Kitchens come in a wide range of sizes and shapes. Layouts are a product of trends as well as making the most of space. For kitchen renovations, the arrangement can sometimes be changed, but not always.
Here are the most common types of kitchen layouts:
Also known as the Pullman kitchen, efficient one-wall kitchens are frequently found in studios or lofts. As the name indicates, cabinets and appliances are fixed along a single wall. The sink usually sits between the range and fridge to minimize steps for washing and cleaning up as well as visual balance.While this design does not create the workflow optimizing kitchen triangle, it takes uses very little space while creating an open floor plan.
The downside of single wall kitchens in small spaces is a lack of work and storage space. Modern updates frequently add an island for added counter space and a modified galley layout. If there is not room for a full island, consider adding a moveable one.
Another space-saving kitchen plan, galley kitchens are common in smaller homes and apartments because they use every square inch of space. Characterized by two opposite walls, or sometimes two parallel countertops, the design is also called a walk-through kitchen. Without hard to reach corner cabinets, this design also reduces the cabinetry budget.
The stove and sink are frequently placed on opposite sides but putting them together is better for the flow of cooking and keeps spills and mess together.
Galley kitchens are so efficient that they are the typical layout for restaurants. The downside at home is not much space to hang out, unless one side is an island with seating. A galley kitchen with an island also works to create an open floor plan.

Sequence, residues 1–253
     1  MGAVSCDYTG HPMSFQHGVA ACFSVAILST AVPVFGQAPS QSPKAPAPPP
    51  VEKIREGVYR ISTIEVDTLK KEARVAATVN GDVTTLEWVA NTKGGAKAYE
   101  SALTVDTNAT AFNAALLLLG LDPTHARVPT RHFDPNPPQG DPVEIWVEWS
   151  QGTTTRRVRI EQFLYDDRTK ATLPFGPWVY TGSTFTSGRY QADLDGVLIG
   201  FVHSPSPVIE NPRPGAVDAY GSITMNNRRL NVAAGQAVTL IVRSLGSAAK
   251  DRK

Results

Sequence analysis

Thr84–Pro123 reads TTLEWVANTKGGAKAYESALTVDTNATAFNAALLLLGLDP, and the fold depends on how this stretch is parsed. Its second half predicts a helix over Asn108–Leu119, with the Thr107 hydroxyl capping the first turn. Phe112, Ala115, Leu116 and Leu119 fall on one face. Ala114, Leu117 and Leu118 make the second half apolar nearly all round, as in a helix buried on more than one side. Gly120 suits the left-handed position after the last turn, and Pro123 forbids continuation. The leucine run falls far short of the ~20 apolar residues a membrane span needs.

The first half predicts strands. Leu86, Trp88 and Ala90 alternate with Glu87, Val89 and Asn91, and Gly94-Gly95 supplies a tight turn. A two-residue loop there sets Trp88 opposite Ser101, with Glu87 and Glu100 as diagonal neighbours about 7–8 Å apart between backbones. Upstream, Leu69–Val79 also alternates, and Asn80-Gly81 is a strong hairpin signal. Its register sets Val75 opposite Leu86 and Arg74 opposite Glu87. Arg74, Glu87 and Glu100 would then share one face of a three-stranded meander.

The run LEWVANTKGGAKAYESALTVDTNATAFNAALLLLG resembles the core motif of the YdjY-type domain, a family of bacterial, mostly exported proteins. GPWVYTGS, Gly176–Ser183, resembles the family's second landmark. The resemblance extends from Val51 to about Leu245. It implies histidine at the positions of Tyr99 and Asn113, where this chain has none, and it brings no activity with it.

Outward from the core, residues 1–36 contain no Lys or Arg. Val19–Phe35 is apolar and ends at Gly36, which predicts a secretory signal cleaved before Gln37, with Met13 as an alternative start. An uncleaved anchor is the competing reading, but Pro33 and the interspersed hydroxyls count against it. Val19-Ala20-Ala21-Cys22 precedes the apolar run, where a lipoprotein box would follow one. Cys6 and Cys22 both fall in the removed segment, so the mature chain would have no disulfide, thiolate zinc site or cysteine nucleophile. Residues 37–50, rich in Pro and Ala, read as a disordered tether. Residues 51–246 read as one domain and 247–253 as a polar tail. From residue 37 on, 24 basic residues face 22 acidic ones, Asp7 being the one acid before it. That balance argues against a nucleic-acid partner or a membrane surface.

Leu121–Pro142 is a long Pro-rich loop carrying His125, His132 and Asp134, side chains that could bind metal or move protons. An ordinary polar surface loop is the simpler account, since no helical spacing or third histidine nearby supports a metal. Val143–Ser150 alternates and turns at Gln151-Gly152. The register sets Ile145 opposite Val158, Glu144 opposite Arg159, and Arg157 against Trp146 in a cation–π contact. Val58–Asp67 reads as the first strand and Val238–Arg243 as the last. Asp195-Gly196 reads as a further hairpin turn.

For small or medium sized kitchens, an L-shape layout is versatile and maximizes space. Like the name says, two perpendicular walls connect to form an L. Instead of the traditional work triangle, plan the kitchen with a zone approach. An island or dining area can easily be added to this flexible design.
An L-kitchen has plenty of open space so it can easily be connected to a dining room or living area. There is plenty of space to add a table or island.
4. U-Shaped Kitchen
The U-kitchen has three walls connected in a horseshoe. A popular version of the layout consists of an L-shaped kitchen plus an island instead of the third wall.
This design is popular because it features plenty of counter and cabinet space. However, it is not as open as other kitchen layouts. An open island can remedy that for a semi-open kitchen.
Large kitchens can be U-shaped with an island at the center. This design works well for both traffic and work flow.
A peninsula kitchen has a connected island that converts an L-shaped layout into a U, or a U-shape into a G. Peninsulas provide the functionality of an island in kitchens without the space for a detached work area.
The peninsula is frequently used as a room divider, separating the kitchen from a dining area or living room for a semi-open plan. A peninsula layout is ideal when you want the functionality of an island but just don’t have the space for a separate unit.
While not a layout, the kitchen island is a very desirable addition. Like the geographic feature, an island is separate from the rest of the kitchen. They can serve many purposes such a work surface, storage or dining area with seating. Islands can be one level to serve as a workspace or two levels to add a seating area.
While kitchen islands are functional and very popular right now, they are not the solution for every home. Many rooms do not have enough square footage to accommodate an island while others would lose precious storage in the form of cabinet space. Be sure to con